Strangely, in 15 years of writing columns about the monarchy, David Ignatius has not himself used the term “human rights,” much less addressed their abuse in a meaningful way. In one of the few columns (1/5/16) in which Ignatius actually levels criticism of the Saudi rulers’ gross human rights abuses, they are stripped of all autonomy, with the beheading of a minority religious figure painted as a response to the Evil Iranians: “The kingdom’s fear of a rising Iran led it to execute a dissident Shiite cleric.”
Ignatius went on to lament the execution in equally middle-management terms, saying it was a “mistake” and an “error.” What it wasn’t: “criminal,” “immoral” or “murder.” Moralizing is reserved for US enemies; US allies are simply underperforming employees in need of guidance and mild chiding.
Saudi Arabia, despite being an oppressive absolute monarchy that arbitrarily detains, tortures, executes and mercilessly bombs civilians, is never given the dreaded “regime” moniker like Assad and Gaddafi and North Korea. Actions are not done by an anthropomorphized state, but a nebulous blob of reluctant bureaucrats. And they are not even actions; they are always good-faith reactions to “Iranian hegemony.”
The Saudis’ ruthless bombing of Yemen, which has claimed over 10,000 civilian lives since March 2015, is almost never mentioned by Ignatius, and the few times it is touched upon it is glossed over as “costly and unsuccessful.” It is bad—not in terms of morals, but in process. It’s “costly” like an ill-advised real-estate investment.
Even more shockingly, Ignatius simply takes the regime’s word that all 47 people—including two minors—subject to its 2016 mass execution were guilty of being “extremists”:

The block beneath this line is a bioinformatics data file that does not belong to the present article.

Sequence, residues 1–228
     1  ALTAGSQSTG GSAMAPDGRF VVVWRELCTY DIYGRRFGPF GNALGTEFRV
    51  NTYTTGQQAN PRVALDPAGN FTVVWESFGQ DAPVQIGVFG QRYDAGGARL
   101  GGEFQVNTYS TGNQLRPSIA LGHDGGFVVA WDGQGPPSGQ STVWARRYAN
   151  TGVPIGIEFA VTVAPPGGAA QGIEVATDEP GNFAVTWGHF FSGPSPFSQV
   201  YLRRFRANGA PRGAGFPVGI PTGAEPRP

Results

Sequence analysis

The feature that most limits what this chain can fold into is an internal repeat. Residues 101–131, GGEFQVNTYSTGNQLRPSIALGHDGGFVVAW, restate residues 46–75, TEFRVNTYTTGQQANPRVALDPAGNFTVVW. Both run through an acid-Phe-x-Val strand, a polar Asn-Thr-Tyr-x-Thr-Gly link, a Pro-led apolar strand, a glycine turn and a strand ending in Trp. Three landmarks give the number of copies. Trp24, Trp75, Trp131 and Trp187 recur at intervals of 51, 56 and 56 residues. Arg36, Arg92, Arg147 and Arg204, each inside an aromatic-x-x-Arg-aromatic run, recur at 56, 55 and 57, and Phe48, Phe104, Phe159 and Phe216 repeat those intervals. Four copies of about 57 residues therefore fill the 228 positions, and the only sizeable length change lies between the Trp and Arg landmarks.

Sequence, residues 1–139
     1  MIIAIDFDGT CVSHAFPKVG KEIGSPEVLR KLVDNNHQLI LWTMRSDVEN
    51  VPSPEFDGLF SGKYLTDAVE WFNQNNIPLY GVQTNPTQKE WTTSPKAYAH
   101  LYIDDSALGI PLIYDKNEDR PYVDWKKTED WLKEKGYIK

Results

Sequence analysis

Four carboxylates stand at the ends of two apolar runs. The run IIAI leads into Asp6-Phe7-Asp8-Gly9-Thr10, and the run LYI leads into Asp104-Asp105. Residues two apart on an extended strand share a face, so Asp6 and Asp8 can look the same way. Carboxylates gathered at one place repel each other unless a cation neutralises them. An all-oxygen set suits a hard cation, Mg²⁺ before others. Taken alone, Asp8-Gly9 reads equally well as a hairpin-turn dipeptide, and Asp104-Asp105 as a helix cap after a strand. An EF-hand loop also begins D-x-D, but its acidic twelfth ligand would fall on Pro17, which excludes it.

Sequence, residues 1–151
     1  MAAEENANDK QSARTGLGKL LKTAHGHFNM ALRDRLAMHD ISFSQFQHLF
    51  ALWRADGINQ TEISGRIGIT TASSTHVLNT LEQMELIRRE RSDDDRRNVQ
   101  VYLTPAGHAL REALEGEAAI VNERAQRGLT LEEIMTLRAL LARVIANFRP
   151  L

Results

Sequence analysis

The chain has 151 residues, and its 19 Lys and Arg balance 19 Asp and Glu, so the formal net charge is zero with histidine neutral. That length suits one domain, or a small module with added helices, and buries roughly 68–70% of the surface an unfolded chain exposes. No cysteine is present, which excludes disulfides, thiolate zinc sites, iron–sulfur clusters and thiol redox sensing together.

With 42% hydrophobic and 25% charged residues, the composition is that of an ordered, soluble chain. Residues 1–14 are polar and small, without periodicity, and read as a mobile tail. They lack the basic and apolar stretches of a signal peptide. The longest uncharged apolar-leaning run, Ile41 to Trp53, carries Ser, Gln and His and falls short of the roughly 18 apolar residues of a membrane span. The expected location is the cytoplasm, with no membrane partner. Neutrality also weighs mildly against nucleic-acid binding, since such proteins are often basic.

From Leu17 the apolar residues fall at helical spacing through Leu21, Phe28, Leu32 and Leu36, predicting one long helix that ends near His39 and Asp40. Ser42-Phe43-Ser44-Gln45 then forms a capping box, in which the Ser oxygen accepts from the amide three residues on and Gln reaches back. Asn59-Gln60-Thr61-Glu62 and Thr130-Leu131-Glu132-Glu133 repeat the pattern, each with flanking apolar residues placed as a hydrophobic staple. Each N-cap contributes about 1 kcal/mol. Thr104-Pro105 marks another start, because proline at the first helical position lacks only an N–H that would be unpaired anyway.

A defensive, anxious Saudi leadership tried to show its resolve with last week’s execution of 47 extremists.That “defensive, anxious Saudi leadership”—a caged animal always responding to threats and occasionally overcorrecting.
In 2015, when King Abdullah died, Ignatius (1/22/15) insisted that the monarch who ruled for ten years over a country that didn’t allow women to drive, swim, own property or travel alone “was seen by many Saudi women as their secret champion.” A pretty well-kept secret, it must have been—aside from allowing women to take part in meaningless local “elections” and meaningless advisory councils, it’s unclear what Ignatius’ evidence is for this, but it’s “seen by many Saudi women,” so that’s good enough.
One Washington Post reader put it best in a letter to the editor (2/4/15):
The Saudis have been talking reform at least since I was a student of Middle East affairs in the 1960s. Yet it still is the epicenter of inequality, human rights violations and gratuitous state-sponsored violence.Ignatius, of course, is not alone. He joins a long line of faithful Western pundits who frame the Saudi regime as a reformist entity, earnestly pushing change in a fundamentally reactionary country under perma-threat from Shia forces. The Al Saud mafia is not in league with religious extremists, but a bulwark against them; they are not an illegitimate dictatorship, but an enlightened ruling class helping usher in “reform” in the face of a hyper-religious population.
And throughout it all, they are on a 71,500-year reform plan where they are effusively praised for moving their country toward the 19th century every five years or so. Other regimes that oppress their people and bomb civilians “must go” now, and are beyond the moral pale—mere allegations of being friendly with them, a career-ender. But the Saudi regime, a friendly host to light-touch US pundits, is just a well-meaning scrappy band of reformers this close to turning into Switzerland. All they need is a bit more time.